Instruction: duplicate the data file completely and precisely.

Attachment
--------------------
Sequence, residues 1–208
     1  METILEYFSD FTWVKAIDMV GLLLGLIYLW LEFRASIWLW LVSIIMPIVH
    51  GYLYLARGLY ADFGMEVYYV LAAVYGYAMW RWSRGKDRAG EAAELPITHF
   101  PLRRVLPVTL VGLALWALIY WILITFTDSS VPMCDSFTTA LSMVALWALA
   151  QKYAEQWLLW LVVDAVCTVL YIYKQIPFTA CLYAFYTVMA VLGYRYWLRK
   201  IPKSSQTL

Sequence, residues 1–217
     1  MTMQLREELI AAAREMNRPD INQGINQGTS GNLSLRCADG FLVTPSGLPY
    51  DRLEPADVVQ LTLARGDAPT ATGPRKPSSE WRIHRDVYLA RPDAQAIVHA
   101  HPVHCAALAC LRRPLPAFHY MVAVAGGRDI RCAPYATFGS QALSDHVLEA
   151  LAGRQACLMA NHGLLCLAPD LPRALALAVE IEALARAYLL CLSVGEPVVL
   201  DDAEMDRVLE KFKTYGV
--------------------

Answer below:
Sequence, residues 1–208
     1  METILEYFSD FTWVKAIDMV GLLLGLIYLW LEFRASIWLW LVSIIMPIVH
    51  GYLYLARGLY ADFGMEVYYV LAAVYGYAMW RWSRGKDRAG EAAELPITHF
   101  PLRRVLPVTL VGLALWALIY WILITFTDSS VPMCDSFTTA LSMVALWALA
   151  QKYAEQWLLW LVVDAVCTVL YIYKQIPFTA CLYAFYTVMA VLGYRYWLRK
   201  IPKSSQTL

Sequence, residues 1–217
     1  MTMQLREELI AAAREMNRPD INQGINQGTS GNLSLRCADG FLVTPSGLPY
    51  DRLEPADVVQ LTLARGDAPT ATGPRKPSSE WRIHRDVYLA RPDAQAIVHA
   101  HPVHCAALAC LRRPLPAFHY MVAVAGGRDI RCAPYATFGS QALSDHVLEA
   151  LAGRQACLMA NHGLLCLAPD LPRALALAVE IEALARAYLL CLSVGEPVVL
   201  DDAEMDRVLE KFKTYGV